Cyberspace has emerged as a unique phenomenon of the late 20th century, one that has offered a virtual space for dyads, groups, and communities of people to interact, share and dialogue through networks of computers. Scholars of various disciplines have coined the term cyberculture to describe, probe and examine the interactions, impact and outcomes of dialogue and identity in the 'new frontier' of cyberspace.
"In the 1960s and 1970s the vanguard of the computer revolution consisted of young men and women imbued with counter - culture values…they saw computers as tools that might both aid the fight for social justice and trigger a spiritual renaissance that would sweep away the technocratic state" (Wise 2000, 27). There are many scholars, writers, and other professionals who work hard at shaping at least some of cyberspace into a milieu for activism; to inform about crucial social issues, and act as advocates to help people use their mind and voice to shape their world. Nursing supports all of these proactive endeavors, but are nurses part of this online activity?
According to Lun, Loke, Lee, Tan and Chan, "Healthcare professionals have been quick to ride the wave of the Internet revolution by learning to use various kinds of Internet tools that allow them to interact with each other, unrestrained by national and geographical boundaries, time, and distance. They develop collaborative research ideas and exchange information through the use of electronic mails, subscribe to electronic newsgroups and participate in discussion lists." Bell summarized Jordan's 1999 description of the social characteristics of the people who populate cyberspace as "white, have professional or managerial occupations, higher than average incomes and are likely to be located in the developed world" (Bell, 2001, p. 17). This description does seem to fit the people who make up a large portion of nursing yet I question if there are many nurses actually contributing to online development and cyberspace shaping.
Bell further described cyberspace as hyperreal estate, becoming denser yet more expansive with each passing year. It has become many things to many people. A repository for approximately ten per cent of the world's knowledge; (Hamilton, 2002) an actively growing commercial smorgasbord; a rich interactive social scene; a venue for activism and advocacy; an educational milieu and a sounding board and creative venue for countless groups and individuals wishing to dialogue or create in virtual space.
Within this project, I wish to look at the non/presence of nurses within cyberculture: as interactive participants, web site designers, educators, columnists, and writers within an online environment. I have personally noticed a dearth of all of these - nurses do not appear to be particularly visible within cyberculture. I would like to explore this subjective observation in more depth and present my discovery within a web site environment.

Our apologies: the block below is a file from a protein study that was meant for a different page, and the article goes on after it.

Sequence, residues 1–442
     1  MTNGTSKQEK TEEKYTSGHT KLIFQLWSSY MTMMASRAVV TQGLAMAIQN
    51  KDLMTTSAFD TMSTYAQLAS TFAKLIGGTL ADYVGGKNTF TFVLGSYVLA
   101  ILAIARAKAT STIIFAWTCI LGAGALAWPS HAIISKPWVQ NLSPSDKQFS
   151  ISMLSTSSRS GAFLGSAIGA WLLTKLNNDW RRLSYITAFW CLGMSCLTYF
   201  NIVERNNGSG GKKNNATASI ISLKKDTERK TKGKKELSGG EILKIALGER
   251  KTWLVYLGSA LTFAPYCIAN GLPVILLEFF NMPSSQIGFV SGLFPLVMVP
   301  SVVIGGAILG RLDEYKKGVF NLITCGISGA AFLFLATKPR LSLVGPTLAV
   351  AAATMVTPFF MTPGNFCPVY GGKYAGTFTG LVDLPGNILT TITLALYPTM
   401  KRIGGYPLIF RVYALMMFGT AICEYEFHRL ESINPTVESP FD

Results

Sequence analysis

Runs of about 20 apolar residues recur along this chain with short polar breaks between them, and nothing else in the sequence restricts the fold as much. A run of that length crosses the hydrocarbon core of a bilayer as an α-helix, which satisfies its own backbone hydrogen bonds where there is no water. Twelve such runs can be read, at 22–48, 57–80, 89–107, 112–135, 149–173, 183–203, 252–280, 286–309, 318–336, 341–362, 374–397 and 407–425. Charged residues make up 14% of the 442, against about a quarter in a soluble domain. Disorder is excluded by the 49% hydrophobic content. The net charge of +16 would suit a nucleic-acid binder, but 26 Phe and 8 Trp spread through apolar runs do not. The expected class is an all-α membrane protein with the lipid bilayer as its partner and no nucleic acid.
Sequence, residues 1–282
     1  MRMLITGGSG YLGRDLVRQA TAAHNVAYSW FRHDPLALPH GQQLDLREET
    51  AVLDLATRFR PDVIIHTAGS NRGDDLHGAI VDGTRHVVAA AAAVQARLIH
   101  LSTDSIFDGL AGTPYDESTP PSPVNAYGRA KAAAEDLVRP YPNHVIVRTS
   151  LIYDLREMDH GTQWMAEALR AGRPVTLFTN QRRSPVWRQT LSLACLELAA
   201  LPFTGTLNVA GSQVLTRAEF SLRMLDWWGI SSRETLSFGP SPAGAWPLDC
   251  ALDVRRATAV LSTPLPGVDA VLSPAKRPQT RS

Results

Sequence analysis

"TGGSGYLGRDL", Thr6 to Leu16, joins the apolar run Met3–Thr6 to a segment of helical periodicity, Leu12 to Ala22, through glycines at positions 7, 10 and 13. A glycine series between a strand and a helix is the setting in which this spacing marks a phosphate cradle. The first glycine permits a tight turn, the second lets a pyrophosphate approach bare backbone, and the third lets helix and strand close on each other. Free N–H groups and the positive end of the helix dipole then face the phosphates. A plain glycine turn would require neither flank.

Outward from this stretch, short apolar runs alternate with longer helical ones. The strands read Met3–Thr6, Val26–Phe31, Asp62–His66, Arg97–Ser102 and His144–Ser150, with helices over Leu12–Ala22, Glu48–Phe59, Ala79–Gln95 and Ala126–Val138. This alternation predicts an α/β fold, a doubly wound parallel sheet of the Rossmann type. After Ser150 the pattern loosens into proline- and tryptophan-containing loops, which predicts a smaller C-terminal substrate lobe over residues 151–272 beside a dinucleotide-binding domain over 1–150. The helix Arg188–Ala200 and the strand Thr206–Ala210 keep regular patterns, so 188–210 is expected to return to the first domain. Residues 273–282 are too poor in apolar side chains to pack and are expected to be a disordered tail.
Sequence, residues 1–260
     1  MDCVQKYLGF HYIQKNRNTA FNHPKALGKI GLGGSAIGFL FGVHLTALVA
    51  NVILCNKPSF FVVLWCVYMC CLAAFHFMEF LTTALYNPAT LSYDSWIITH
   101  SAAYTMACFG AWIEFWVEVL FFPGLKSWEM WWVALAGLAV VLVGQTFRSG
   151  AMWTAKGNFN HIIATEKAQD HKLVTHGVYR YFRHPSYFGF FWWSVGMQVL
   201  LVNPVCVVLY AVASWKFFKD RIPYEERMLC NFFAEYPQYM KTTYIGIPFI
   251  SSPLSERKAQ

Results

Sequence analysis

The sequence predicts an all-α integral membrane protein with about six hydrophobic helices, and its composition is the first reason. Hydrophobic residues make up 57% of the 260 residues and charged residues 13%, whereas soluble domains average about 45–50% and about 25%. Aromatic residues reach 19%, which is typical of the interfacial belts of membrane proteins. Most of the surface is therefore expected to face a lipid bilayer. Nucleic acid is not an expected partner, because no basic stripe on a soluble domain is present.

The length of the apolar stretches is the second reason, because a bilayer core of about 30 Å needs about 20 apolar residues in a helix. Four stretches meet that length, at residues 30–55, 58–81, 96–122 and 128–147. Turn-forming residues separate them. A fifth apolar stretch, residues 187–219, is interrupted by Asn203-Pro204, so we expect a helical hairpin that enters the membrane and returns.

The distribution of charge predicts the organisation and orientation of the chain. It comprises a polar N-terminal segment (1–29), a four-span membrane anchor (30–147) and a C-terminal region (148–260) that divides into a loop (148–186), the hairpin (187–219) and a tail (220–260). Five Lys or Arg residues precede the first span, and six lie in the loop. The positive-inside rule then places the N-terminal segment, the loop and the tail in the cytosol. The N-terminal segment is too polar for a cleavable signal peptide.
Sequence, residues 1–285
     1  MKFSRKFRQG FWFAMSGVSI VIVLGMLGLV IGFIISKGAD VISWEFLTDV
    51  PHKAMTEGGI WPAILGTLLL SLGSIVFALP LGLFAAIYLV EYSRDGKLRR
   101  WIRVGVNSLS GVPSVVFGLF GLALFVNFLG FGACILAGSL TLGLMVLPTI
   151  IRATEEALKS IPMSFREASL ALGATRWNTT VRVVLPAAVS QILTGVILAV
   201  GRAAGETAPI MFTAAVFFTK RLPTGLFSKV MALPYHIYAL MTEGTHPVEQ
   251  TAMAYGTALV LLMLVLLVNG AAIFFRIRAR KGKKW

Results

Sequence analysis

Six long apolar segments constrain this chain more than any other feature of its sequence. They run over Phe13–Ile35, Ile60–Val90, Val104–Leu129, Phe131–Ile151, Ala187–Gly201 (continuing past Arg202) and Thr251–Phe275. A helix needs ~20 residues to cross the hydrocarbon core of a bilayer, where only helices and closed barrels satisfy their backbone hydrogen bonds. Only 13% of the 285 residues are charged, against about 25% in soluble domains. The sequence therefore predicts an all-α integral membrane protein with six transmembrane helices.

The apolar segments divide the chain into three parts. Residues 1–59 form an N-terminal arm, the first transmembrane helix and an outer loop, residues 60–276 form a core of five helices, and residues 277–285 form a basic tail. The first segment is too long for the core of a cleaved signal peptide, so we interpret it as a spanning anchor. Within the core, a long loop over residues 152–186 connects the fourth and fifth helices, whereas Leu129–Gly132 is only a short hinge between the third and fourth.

I intend to research the presence of nurses within a number of contexts. The first will be interactive forums, bulletin boards, and email mailing lists. An eye for the type of dialogue that is created, the issues addressed, the timber of the voices that emerge will be witnessed and described to help frame the dynamics that nurses use to form a particular cyberculture for nursing related topics. As well, stories and writing by nurses will be sought, read and digested with the intent to both reveal, link and analyze the contribution made to cyberculture by nurses as storyteller. A unique aspect of cyberspace that begs for input from experienced and knowledgeable nurses is health-related sites. I wish to examine authorship of several high traffic health sites to investigate the frequency, presence and scope of nurses as writers, experts and online teachers of reliable health care information. Other expressions of presence will also be searched for, including self employed nurse sites, personal sites, schools of nursing, nursing organizations, theory related sites and so on.
Cyberculture is an important topic to nurses who are being encouraged to become proficient in various aspects of nursing informatics. The knowledge gained from this project will assist me to ground myself in the current culture of nursing that exists in the online environment.
Bell, D. (2001). An introduction to cybercultures. New York: Routledge.
Hamilton, C. (2003). Personal communication. February 2003.
Lun, K.C., Loke, E., Lee, Y.N., Tan, T.W. & Chan, F.K. (n/d) Cyberspace hospital.
Wise, R. (2000). Multimedia: a critical introduction. London: Routledge.